Kim Dotcom, pictured here in 2014 at a bail hearing, planned to revolutionise payments through micro-cryptocurrency transactions. Photo: Getty Images

A crypto platform promoted by Kim Dotcom as a revolution in how online content creators and sharers would be paid has been liquidated after failing to launch.

The Megaupload founder originally came from Germany, but is now a New Zealand citizen living in Glenorchy. He is still fighting extradition to the US on fraud charges.

Back in 2016 and 2017 Dotcom talked up the prospects of New Zealand-registered tech business Bitcache in a series of tweets and, alongside upload platform, attracted almost US$5 million from 332 investors through investment platform Bnk To The Future.

The software-as-a-subscription technology would have allowed for Bitcoin micro-transactions to pay for internet services and content.

Dotcom said at the time Bitcache would be the preferred option for online transactions by 2022.

It will instead be broken down over unpaid legal fees, after liquidator Iain Nellies was appointed in the Auckland High Court this morning.

Bitcache did not contest the liquidation in court.

The company’s pitch to investors said because of his ongoing disputes with the US Government over Megaupload, Dotcom would not own or be involved in the day-to-day running of the company and instead would act as its “evangelist”.

The chief evangelist is, however, listed as a former director of the business, a role he held between July 28, 2016 and January 19, 2017.

Auckland lawyer Phil Creagh was a Bitcache director until September 2020. He applied to have the company liquidated on May 24, with a hearing expected to take place in mid-July.

Creagh would only address the basics of the liquidation when contacted by Newsroom last month. “It’s pretty straightforward, there are fees owed and not paid. The company has not taken any steps so far to avoid being placed in liquidation.”

“We’ll put it in liquidation and see what, if anything, can be recovered.”

He said he and his law firm Anderson Creagh Lai had stopped acting for Bitcache some time ago.

The business hit its first major speedbump in early 2017. It’s original launch date was set for January 21 that year, the fifth anniversary of the day in 2012 when a heavily-armed anti-terrorism squad raided Dotcom’s $30 million mansion in Coatesville, Auckland on behalf of the FBI, which was carrying out a worldwide operation targeting the hugely-popular file-sharing website Megaupload.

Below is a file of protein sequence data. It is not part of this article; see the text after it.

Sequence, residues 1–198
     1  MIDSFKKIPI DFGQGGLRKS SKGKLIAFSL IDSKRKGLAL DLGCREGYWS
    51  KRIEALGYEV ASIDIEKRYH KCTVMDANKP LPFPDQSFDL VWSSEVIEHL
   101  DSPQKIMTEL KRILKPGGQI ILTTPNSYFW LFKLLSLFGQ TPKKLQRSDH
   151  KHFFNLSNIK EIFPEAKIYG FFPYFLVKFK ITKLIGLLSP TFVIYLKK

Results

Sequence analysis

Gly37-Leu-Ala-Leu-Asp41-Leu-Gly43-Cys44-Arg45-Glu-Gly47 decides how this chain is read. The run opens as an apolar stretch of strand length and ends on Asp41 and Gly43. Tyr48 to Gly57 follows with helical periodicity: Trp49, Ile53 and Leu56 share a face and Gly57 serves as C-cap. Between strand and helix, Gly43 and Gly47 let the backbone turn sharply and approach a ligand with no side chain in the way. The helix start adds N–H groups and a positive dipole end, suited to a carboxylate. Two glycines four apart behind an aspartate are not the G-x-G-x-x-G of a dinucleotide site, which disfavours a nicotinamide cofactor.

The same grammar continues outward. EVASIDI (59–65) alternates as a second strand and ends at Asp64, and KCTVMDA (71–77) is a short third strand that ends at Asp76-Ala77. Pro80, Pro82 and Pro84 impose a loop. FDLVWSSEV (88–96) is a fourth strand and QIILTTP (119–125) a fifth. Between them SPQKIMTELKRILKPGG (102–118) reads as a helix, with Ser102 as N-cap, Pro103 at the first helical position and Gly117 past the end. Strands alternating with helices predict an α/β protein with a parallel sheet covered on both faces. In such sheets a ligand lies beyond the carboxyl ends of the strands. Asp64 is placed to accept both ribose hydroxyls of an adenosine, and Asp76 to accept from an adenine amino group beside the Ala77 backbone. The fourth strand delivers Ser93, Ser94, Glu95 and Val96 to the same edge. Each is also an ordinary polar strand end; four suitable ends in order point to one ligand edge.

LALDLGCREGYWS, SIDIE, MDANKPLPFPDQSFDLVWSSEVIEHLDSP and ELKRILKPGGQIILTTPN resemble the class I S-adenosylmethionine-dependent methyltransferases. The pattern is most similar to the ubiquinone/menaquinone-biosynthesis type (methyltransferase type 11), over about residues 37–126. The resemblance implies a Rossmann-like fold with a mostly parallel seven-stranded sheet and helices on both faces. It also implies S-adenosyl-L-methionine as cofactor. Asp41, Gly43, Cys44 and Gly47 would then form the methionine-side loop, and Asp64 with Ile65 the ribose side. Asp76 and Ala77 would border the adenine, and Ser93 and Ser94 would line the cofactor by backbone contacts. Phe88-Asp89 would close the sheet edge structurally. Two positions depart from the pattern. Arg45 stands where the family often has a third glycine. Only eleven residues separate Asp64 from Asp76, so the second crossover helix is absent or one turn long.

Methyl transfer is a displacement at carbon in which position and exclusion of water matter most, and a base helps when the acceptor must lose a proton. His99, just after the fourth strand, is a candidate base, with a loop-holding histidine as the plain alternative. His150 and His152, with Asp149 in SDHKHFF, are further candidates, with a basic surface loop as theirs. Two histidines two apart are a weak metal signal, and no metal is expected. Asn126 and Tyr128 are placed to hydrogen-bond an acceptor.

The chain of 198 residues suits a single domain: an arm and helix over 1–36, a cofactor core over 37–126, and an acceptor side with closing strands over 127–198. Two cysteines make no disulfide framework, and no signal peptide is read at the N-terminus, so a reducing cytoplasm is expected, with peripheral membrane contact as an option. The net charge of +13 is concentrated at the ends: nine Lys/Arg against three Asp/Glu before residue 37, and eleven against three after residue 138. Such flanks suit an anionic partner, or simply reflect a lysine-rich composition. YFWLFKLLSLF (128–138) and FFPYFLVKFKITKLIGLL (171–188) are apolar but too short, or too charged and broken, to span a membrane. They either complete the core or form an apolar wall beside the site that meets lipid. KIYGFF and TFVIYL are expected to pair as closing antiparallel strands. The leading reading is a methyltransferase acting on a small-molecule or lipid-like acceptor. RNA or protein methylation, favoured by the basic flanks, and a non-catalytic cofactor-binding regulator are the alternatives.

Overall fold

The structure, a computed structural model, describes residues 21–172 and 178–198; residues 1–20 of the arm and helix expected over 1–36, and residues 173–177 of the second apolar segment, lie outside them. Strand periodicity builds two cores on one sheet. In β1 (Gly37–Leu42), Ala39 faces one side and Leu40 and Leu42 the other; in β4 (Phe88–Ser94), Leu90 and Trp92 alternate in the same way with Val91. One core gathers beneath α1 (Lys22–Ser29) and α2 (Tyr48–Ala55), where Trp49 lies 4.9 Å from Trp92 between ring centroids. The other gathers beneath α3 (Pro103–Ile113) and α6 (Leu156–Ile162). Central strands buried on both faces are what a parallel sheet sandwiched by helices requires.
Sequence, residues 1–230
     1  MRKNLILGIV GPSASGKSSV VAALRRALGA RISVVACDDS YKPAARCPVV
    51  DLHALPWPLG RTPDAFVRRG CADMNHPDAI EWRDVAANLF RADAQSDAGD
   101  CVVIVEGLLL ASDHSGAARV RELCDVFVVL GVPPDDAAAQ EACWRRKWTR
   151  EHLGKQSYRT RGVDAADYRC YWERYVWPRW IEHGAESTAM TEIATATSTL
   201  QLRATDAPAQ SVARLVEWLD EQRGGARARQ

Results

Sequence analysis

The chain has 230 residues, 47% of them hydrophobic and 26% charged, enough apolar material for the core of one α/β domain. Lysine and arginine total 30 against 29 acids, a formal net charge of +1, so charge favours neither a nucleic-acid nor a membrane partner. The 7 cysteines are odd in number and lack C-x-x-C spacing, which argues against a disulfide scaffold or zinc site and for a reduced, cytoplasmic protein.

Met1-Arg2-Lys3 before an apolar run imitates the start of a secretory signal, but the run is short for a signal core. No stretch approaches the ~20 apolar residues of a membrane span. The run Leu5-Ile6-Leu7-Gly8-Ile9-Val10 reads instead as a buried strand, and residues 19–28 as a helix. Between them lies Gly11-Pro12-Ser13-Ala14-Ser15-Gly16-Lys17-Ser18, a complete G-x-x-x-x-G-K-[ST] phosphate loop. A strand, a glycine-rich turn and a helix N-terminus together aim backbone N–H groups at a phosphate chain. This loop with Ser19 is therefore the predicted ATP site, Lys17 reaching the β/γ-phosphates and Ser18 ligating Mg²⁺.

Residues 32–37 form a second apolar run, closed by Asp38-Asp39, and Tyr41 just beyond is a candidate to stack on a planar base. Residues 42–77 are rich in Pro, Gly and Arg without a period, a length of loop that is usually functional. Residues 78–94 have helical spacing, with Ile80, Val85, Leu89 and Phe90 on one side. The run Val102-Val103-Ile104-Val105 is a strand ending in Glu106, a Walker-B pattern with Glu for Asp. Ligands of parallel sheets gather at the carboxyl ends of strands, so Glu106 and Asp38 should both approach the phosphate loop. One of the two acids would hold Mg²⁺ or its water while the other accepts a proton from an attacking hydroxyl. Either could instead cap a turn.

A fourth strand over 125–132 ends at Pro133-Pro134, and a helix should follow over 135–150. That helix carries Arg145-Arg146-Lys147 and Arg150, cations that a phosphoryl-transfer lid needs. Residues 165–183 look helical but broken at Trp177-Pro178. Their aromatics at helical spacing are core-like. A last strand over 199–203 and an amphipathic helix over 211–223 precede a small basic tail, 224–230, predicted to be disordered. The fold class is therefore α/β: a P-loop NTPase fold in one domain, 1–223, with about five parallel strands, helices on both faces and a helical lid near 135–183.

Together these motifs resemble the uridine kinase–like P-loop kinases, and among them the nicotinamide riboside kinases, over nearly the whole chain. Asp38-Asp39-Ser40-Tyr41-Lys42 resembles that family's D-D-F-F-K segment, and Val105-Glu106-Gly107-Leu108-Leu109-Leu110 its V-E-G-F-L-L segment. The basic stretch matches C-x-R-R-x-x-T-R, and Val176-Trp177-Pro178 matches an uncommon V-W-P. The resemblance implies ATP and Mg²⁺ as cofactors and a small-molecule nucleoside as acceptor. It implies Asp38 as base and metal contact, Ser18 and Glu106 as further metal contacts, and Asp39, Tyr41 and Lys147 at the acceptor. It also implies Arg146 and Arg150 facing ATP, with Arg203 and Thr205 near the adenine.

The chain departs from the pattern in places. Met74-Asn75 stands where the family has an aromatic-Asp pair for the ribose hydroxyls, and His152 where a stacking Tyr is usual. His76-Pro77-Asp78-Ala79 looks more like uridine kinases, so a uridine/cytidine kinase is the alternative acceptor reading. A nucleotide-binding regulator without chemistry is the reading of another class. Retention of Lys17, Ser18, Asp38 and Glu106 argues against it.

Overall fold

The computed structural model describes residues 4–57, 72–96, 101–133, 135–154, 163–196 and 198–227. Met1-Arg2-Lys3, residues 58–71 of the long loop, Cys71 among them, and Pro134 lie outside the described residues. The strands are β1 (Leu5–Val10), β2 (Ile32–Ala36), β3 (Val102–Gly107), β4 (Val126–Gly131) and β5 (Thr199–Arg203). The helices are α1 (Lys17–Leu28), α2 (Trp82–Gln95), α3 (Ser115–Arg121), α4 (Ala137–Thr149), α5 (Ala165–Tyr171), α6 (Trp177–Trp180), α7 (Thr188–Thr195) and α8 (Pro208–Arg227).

Less than two hours before the platform was due to launch, Dotcom tweeted “Sorry but there has been an expected hiccup. Will tell you all about it later today. Let this play out and give me some time to update you.’”

Despite more claims made by Dotcom, including the prospect of a beta release in August 2017, and a tweet saying it had found the right technology on which to operate, as of 2023 the company and its technology doesn’t appear to have progressed much further.

It hasn’t filed a return to the Companies Office since 2021 and is facing removal from the Companies Register., the filesharing platform being developed to run on the Bitcache technology, dropped off the internet at some point this year.

Since May 21, the sole Bitcache director has been Auckland man Mark Hubble, also the director of workforce business Radius Recruitment.

Radius specialised in bringing workers into New Zealand from the Phillipines and was at the centre of a high-profile case involving a bingo hall being converted into unfit, $200-a-week accommodation for migrant workers.

Andrew Bevin is an Auckland-based business reporter who covers major industries, markets, regulation, aged care and fisheries.

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